Electrical power and medical gases are supplied to the medical support column structure 10 via housings such as the electrical wiring housings 46 and 48 and the covered gas-feed housing 47. Electrical wiring housing 46 extending from the ceiling, provides electrical power to outlet panel 24 on the rear side of the medical column 10 and housing 48 provides a path for electrical wiring to outlet panel 30 and power raceway 35 on the front side of the support column structure 10. The gas-feed housing 47 provides for extending gas lines from the ceiling to a medical gas rail 44 to provide medical gas supply form the medical support column.
For the sake of appearance, panels 19 and 20 may be attached to the front and back and left and right sides of the lower portion of the column structure extending downward from the lower shelf 32. The front panel, in this embodiment, is conveniently used to support a number of commercial available grounding jacks 21 for receiving grounding leads from medical equipment or personnel as required during a procedure. Internally, the grounding jacks will connect to a ground wire (not shown) in electrical wiring housing 48.
FIG. 2 is a front view of a medical support column structure in accordance with the invention more clearly showing structural details. FIGS. 3 and 4 are right side and rear elevations, respectively, of that column. The medical support column structure 60 comprises the vertically extending side frames 61 and 62, comprising vertical struts (140, 142) interconnected by cross members (141, 108, 109). The frames 61, 62 are attached to a base comprised of front horizontal cross member 63, back horizontal cross member 119 (FIG. 4), right horizontal cross member 107 (FIG. 3) and a left horizontal cross member (not shown). In the illustrative embodiment of the invention, the structure 60 is constructed of rectangular cross section hollowed struts and cross members fabricated from 16 gauge cold-rolled steel. The base is attached to the floor upon which the column 60 stands by means of several attachment bolts extending through the base cross members into the floor. One bolt 114 and a washer 115, extending through cross member 63, are shown by way of example in cut-away view in FIG. 2. Extending along the front edge of the side frames 61 and 62 are mounting channels 64 and 65, respectively, which slidably support the rails 79 and 85. Outlet panel 73 having electrical outlets 75 and 77 is mounted on the front edges of frames 61 and 62. An electrical power raceway 80 is similarly mounted on the front edges of frames 61 and 62. Electrical wiring is provided from connections above ceiling 150 via conduit 76 to the outlet panel 73 and to raceway 80 via conduit 84. Conduits 76 and 84 and are contained within the housing 94. Electrical raceway 80 is provided with holes 81 and 82 to accommodate code-blue and nurse-call facilities as shown, for example, in FIG. 1. A medical gas rail 88 is attached to the open side frames 61 and 62 and provides a plurality of gas outlets 86 and 87. The gas rail 88 comprises three horizontally extending, side-by-side gas conduits which receive the medical gases through a plurality of pipes 91, 93, 95 contained within a gas feed housing 196.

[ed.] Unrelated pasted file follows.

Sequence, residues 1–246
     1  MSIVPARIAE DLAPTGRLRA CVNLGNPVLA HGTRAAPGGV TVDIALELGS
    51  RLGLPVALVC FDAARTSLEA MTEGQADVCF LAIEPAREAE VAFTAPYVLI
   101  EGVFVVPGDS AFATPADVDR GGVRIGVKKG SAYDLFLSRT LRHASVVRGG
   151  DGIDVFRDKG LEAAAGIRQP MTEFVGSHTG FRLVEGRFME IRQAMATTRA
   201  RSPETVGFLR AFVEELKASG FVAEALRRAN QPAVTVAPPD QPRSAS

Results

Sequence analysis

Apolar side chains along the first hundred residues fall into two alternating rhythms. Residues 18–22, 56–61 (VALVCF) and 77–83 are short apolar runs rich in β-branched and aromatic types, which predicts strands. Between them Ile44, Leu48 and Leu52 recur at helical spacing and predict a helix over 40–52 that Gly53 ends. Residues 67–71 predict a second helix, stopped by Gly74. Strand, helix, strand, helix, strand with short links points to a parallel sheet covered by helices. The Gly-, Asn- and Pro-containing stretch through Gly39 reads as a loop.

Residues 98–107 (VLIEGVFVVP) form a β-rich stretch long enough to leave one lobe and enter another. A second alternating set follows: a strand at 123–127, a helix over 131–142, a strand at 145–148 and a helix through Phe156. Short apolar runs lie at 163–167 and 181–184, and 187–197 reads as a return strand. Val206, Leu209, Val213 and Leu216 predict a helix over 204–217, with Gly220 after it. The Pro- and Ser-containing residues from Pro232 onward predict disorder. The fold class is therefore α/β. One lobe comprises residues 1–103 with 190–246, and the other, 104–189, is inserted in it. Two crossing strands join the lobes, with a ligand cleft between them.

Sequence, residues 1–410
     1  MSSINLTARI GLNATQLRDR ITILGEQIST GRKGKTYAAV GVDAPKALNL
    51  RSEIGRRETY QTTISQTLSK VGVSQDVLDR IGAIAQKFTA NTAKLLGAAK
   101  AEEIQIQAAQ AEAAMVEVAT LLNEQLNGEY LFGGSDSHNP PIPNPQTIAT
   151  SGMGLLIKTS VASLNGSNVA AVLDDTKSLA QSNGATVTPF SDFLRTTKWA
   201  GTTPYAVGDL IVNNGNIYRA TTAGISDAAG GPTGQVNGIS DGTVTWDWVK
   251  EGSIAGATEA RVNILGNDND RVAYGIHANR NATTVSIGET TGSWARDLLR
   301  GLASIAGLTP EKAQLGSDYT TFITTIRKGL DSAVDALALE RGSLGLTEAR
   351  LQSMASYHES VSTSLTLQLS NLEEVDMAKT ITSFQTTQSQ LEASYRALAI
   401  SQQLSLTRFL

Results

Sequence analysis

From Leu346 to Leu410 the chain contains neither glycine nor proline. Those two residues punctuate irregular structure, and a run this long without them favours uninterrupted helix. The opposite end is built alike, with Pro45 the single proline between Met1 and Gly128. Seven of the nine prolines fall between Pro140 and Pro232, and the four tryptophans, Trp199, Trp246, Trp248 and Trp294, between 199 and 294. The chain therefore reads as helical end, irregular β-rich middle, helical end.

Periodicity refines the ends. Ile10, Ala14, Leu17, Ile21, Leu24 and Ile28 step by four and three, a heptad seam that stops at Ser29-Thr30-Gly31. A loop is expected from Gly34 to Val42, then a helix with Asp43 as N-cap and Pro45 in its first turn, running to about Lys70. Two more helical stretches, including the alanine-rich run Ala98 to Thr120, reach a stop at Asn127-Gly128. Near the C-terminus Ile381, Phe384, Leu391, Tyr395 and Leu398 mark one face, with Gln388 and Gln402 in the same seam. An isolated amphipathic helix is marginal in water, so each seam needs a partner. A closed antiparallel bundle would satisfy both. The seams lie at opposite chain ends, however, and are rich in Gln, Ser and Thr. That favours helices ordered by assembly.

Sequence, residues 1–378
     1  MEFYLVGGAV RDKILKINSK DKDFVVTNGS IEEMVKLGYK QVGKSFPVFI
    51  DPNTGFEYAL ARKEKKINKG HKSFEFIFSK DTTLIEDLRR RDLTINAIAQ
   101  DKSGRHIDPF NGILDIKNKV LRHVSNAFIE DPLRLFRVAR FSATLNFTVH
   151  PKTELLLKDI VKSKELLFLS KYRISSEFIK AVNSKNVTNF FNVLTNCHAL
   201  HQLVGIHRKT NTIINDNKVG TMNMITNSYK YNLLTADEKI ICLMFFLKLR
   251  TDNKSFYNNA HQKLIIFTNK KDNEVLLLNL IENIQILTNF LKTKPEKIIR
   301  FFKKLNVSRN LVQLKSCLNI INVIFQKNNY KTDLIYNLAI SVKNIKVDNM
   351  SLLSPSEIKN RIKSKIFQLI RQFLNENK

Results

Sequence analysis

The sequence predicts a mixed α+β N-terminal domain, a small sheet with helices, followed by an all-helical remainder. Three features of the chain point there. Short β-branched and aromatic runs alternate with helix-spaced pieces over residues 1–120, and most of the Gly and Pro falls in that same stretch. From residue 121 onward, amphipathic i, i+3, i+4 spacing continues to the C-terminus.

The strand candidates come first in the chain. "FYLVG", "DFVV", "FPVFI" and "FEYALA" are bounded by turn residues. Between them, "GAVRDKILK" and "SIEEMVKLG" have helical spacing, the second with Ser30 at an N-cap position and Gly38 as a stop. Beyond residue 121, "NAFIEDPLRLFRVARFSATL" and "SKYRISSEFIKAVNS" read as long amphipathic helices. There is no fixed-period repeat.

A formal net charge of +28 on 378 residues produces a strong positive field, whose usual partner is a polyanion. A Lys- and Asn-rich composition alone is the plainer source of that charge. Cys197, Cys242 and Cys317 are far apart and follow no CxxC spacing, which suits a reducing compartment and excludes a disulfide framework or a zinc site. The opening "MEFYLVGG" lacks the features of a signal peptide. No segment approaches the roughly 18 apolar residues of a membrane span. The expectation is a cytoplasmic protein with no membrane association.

A front panel 70, in which are mounted a plurality of grounding jacks 72, is attached to base strut 63 by means of fasteners 71 and similar fasteners near the top part of the plate 70 attached to a cross member (not shown in the drawing) extending between the side frames 61 and 62. A similar plate 120 is shown in FIG. 4 attached to base strut 119 and cross member 118 extending between frames 61 and 62 along the back of the medical support column structure 60. A plate 100, shown in FIG. 3, is attached to cross members 109 and base strut 107 by means of fasteners 105. A similar plate may be used to cover the lower portion of the medical support column structure 60 along its left side (not shown in the drawing). Along the back of the medical column structure 60, shown in FIG. 4, additional electrical outlet panels 112 and 125 are supported, provided with electrical outlets 113. The outlet panel 112 is provided with electrical power via conduit 129 and panel 125 is provided with electrical power via conduit 128. Both of the conduits are contained within the housing 123. Support rails 135 and 136 may be provided for supporting medical equipment on the back of the structure in the manner similar to that shown on the front of the medical support column structure in FIG. 1. Mounting channels 131 and 13 adjustably support support bars 135 and 136. Further shown in the back view of FIG. 4 are six medical gas connectors 126, representing six of a total of 18 outlet connectors supplied by three gas pipes 91, 93 and 95, shown in FIG. 3. The gas pipes are covered by the housing 196 extending down from the ceiling 150. As can be seen in FIG. 4, the gas rail 88 is attached to an inside surface of vertical strut 140 of the right side column 61 and is similarly attached to the rear vertical strut (not shown in the drawing) of the left side frame 62 in a manner described earlier herein with respect to FIG. 1.